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Trinidad and Tobago Neotectonics and Seismic Hazard from Geodesy



This Community Highlight features the work of UNAVCO community members' efforts to increase access to, use of, and innovation within geodesy. If there is an effort you would like to see highlighted here, please get in touch with us at communityunavco.org.

Provided by John Weber
Grand Valley State University
30 December 2019

Principle Investigator(s): John Weber, Grand Valley State University (GVSU); William Ambeh, Joan L. Latchman, Richard Robertson, Seismic Research Centre, The University of the West Indies; Peter La Femina and Machel Higgins, The Pennsylvania State University; Halldor Geirsson, University of Iceland; Jarir Saleh*, Keith Miller, Geomatics Engineering and Land Management, The University of the West Indies (*now at the U.S. National Geodetic Survey)
UNAVCO staff: Brennan O’Neill; Jim Normadeau
Funding Source(s): California Institute of Technology President’s Fund, BHP-Billiton, NASA Michigan Space Grant Consortium, GVSU, Trinidad and Tobago Office of Disaster Management and Preparation, NSF COCONet Fellowship


The rich and varied landscapes and geology of Trinidad and Tobago, a twin-island nation in the southeast Caribbean, reflect a complex, multi-phase tectonic history. Trinidad-Tobago makes up the eastern part of the southern Caribbean orogen, a range of coastal collisional mountains that rim northern South America and were initially thought to be an eastern arm of the Andes. Today, these two islands experience ~20 mm/yr of Caribbean-South American (CA-SA) dextral transform plate-boundary motion and deformation, as well as additional motions and strain related to surface-to-deep coupling above a lithospheric-scale subduction-transform edge propagation (STEP) system.

We characterized the velocities and strain rates in Trinidad-Tobago using historic triangulation-to-GPS, episodic GPS, continuous GPS, and InSAR data. Approximately 75% of the transform motion (15 mm/yr) is taken up on Trinidad’s Central Range Fault via fault creep. The remaining transform motion occurs on Trinidad’s South Coast Fault (3 mm/yr of creep), and on the Sub-Tobago Terrane Fault (3 mm/yr), a reactivated low-angle thrust.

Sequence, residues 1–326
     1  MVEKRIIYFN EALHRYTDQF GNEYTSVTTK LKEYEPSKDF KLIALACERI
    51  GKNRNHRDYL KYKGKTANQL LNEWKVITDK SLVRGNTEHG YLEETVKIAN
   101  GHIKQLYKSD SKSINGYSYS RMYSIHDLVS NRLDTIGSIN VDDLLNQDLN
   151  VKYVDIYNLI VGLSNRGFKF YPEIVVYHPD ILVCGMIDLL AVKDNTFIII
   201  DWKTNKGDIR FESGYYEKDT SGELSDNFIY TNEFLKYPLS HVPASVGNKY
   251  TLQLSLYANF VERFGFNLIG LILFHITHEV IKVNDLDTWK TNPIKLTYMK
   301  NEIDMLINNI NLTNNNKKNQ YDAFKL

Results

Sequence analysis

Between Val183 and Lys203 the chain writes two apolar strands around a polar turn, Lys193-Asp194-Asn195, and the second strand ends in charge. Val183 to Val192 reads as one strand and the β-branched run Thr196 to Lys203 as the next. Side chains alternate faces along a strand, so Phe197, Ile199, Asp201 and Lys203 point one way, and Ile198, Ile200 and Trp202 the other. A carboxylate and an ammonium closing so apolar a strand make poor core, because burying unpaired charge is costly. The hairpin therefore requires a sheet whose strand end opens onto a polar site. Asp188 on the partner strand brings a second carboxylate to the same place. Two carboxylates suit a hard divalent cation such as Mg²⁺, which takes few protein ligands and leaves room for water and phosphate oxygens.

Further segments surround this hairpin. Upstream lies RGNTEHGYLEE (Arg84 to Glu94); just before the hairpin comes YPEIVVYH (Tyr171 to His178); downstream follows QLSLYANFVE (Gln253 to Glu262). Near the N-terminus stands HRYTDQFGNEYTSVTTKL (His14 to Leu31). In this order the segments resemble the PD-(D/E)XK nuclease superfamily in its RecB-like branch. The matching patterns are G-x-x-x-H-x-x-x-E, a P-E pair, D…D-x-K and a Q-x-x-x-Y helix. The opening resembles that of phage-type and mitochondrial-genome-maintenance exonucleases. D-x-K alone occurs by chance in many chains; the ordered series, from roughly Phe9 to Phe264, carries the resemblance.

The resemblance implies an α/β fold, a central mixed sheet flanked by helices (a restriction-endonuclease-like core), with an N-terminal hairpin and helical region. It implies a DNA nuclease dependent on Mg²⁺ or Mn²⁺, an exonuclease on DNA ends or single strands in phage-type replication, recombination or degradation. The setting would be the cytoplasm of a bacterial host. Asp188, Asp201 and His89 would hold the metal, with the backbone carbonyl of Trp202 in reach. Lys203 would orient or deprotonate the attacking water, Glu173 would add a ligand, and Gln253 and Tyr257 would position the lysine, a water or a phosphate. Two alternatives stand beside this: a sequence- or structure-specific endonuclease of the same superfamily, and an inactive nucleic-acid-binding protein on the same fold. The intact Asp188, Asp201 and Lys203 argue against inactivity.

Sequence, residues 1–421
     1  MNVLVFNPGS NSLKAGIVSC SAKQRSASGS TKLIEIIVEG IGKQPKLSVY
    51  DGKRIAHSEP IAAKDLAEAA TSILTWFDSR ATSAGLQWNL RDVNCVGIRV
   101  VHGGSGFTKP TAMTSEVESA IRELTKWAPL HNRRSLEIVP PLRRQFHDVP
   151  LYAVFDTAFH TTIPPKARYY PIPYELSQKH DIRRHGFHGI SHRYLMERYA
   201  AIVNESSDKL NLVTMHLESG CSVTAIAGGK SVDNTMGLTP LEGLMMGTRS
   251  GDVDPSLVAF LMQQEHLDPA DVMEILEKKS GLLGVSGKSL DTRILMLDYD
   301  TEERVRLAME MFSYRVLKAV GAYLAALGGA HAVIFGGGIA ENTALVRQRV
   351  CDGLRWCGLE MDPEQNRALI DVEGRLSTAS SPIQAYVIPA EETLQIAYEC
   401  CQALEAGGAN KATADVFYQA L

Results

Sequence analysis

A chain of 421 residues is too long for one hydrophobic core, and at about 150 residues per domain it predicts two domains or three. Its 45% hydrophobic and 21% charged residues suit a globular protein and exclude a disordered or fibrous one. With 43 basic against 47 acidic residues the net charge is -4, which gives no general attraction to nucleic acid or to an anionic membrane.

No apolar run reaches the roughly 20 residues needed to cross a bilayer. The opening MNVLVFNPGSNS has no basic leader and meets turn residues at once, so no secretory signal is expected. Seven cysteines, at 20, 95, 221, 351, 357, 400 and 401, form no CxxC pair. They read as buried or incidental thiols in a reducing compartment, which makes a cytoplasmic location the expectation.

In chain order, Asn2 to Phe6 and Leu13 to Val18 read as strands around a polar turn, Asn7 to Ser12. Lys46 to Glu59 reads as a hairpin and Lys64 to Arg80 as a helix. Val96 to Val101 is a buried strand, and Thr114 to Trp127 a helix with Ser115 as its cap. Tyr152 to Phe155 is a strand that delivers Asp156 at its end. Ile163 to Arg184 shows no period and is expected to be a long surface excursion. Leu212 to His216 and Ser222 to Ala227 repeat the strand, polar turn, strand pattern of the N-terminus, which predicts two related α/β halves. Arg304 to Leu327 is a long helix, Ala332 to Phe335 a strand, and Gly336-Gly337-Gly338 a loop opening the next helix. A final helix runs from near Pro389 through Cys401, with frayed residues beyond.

Creep on the central and south Trinidad faults is likely related to a strong petroleum charge (i.e., fluid overpressures) that results from active expulsion of oil and gas from buried organic-rich Cretaceous petroleum source rocks. In contrast, Tobago is made up of a Cretaceous arc and forearc that were accreted to South America during Tertiary oblique plate convergence. Both new and reactivated Tertiary faults accommodate strain in Tobago and have created moderate to large earthquakes.

Our geodetic analyses have been complemented by additional studies that use paleoseismology, thermochronology, terrestrial cosmogenic nuclides, and optically stimulated luminescence to study longer-term horizontal and vertical motions, and to assess predictions made by the STEP model. We are also currently expanding GPS and InSAR coverage to study fault coupling and creep along a broader swath of the Caribbean-South American plate boundary.

UNAVCO has supported our episodic GPS measurement campaigns and in our most recent analysis we used continuous GPS data from the Network of the Americas (NOTA, formerly COCONet), which is maintained by UNAVCO as a core component of the National Science Foundation GAGE Facility.

References

Arkle, J., Owen, L., Weber, J., Caffee, M., and Hammer, S., 2017, Transient Quaternary erosion and tectonic inversion of the Northern Range, Trinidad, Geomorphology, 295, 337-353, http://dx.doi.org/10.1016/
j.geomorph.2017.07.013.

Prentice, C., Weber, J., Crosby, C., and Ragona, D., 2010, Prehistoric earthquakes on the Caribbean-South American plate boundary, Central Range Fault, Trinidad, Geology, 38, 8, 657-678, doi:10.1130/G30927.1.

Weber, J.C., Dixon, T.H., DeMets, C., Ambeh, W. B., Jansma, P., Mattioli, G., Saleh, J., Sella, G., Bilham, R., and Perez, O., 2001, GPS Estimate of relative motion between the Caribbean and South American plates, and geologic implications for Trinidad and Venezuela, Geology, 29, 75-78.

Weber, J., Saleh, J., Balkaransingh, S., Dixon, T., Ambeh, W., Leong, T., Rodriguez, A., and Miller, K., 2011, Triangulation-to-GPS and GPS-to-GPS geodesy in Trinidad, West Indies: Neotectonics, seismic risk, and geologic implications, Journal Petroleum and Marine Geology, v.28, p.200-211, doi:10.1016/j.marpetgeo.2009.07.010.

Weber, J., Geirsson, H., Latchman, J., Shaw, K., La Femina, P., Wdowinski, S., Churches, C., Higgins, M., and Norabuena, E., 2015, Tectonic inversion in the Caribbean-South American plate boundary: GPS Geodesy, Seismology, and Tectonics of the Mw 6.7 April 22, 1997 Tobago earthquake, Tectonics, 34, 6, 1181-1194, DOI: 10.1002/2014TC00366.

Weber, J., Geirsson, H., La Femina, P., Robertson, R., Churches, C., Shaw, K., Latchman, J., Higgins, M., and Miller, K., 2019, Fault creep and strain partitioning in Trinidad‐Tobago: Geodetic measurements, models, and origin of creep. Tectonics, 38. https:// doi.org/10.1029/2019TC005530.

Map Center:
Trinidad


 

Last modified: 2020-01-28  22:54:31  America/Denver